Illness can make life feel small. I remember how friends disappeared when I got really sick at age sixteen. No more school, parties, soccer, and bike trips. Girls? Forget it. A sense of immovable isolation came over me for many months, a heavy blanket blocking the joy of being young and alive.
All of this had been a faint memory for years. Then the very lovely young-adult drama Everything, Everything brought it back in a flash.
The essence of being sick is not easy to capture in writing, let alone in a compact hour and a half on the screen. But director Stella Meghie has brilliantly brought to life the bestselling book of the same name by Nicola Yoon. In vivid colors, with precision and care, she paints the interior life of an ill girl named Madeline.
She is played by Amandla Stenberg, a young actress from Los Angeles. You might know her as Rue in The Hunger Games. In Everything she brings a joyful lightness to Maddy, who has spent almost all of her life indoors. Suffering from a condition called SCID (Severe Combined Immunodeficiency) she would risk a life-threatening infection if she went outside or came in contact with anyone not sterile.
“Basically, I’m allergic to the world,” says Maddy — an apt metaphor for the alienation many teenagers feel, especially those who are ill.
Maddy’s sunny acceptance of her fate never seems out of place. Stenberg utters her sobering lines with a bright optimism, but the contradiction between that status quo and her generosity of spirit doesn’t come across as jarring. Soon enough, Maddy’s acceptance shifts into doubt, then a teenage resistance, and ultimately rebellion after she meets the new boy next door, Olly. Dressed in black, lanky and brooding, he brings out Maddy’s curiosity, setting in motion a chain of events in which her daydreams of swimming in the ocean turn into reality.
The progression feels more natural than Fault in Her Stars. That book (by John Green) and the 2014 film (by Josh Boone) were huge hits in the United States and abroad. But in the extremely capable hands of Meghie Everything struck me as smaller, better, more specific. It is less grandiose and ultimately more satisfying than Fault. You may cry less, but you will think more watching this new drama.
The story starts at a leisurely pace in the modern home built by Maddy’s over-caring mother/physician Pauline, played by the compelling actress Anika Noni Rose, whom we know from a strong bit part in The Good Wife. Then the story moves ever more briskly, into the outside world that is calling Maddy, which I can divulge without giving too much away.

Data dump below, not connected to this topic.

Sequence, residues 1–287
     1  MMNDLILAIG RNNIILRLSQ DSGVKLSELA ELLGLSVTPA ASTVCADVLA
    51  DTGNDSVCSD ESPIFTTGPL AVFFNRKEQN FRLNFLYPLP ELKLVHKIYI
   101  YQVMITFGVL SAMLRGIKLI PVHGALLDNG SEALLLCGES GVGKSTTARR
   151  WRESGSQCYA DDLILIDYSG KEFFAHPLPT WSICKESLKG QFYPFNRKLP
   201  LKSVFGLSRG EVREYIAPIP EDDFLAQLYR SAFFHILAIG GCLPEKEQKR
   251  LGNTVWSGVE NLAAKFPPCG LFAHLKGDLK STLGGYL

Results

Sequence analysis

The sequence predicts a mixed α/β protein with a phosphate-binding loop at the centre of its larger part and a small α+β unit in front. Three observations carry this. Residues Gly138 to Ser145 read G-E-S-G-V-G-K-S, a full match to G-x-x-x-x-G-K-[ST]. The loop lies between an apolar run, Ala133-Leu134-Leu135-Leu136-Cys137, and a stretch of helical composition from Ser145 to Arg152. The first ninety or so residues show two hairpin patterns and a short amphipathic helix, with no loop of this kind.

The young actors beautifully capture the joy and fear of a first love. And just like the novel it is based on, the screenplay by J. Mills Goodloe manages to discuss the misery of illness without drifting into (self) pity. I can confirm that the joy of reading, excited laughter, and romantic fantasies continue to exist when a child is struck with a disabling illness. Even when she turns 18 not knowing what the sand on the beach feels like, Maddy manages a sunny smile as she says about her party with only her mom and a cake: “Not a bad way to spend your eighteenth birthday.”
That is before she discovers a terrible secret about her mother and herself; smart move by the producers to release this film after Mother’s Day. On the other hand, this is ultimately a film about a mother’s deep — at times terrifying — love for her only child.
The movie is well cast. I believe no committed fan of the book will have a problem with Stenberg. She really becomes Maddy — bubbly, whip smart, wise beyond her years, giving, and creative. No wonder Olly falls in love as soon as he spots her through the window and gets to know her through witty text messages. Stenberg’s is that sort of face you cannot not look at. The kindness, wisdom, curiosity, and flashes of anger have a movie-star quality.
Happily the film is about the big questions that plague a teenager — How to live while sick? Does he like me or not? — and not for one moment about race. It’s worth mentioning in this charged era. The cast is diverse. Maddy’s family is black, Olly’s is white. The book’s writer and the director are black women. Yet none of it matters in the film — which matters.
I was blown away by Get Out, the recent satirical “social thriller” about race in America. But the urgency with which the media and Hollywood keep on hammering away at the state of race relations can be exhausting. Everything ignores the colors we all see, while also showing them in beautiful detail. Instead, it tells the universal tale about one highly likable girl discovering her world as she falls in love with it.
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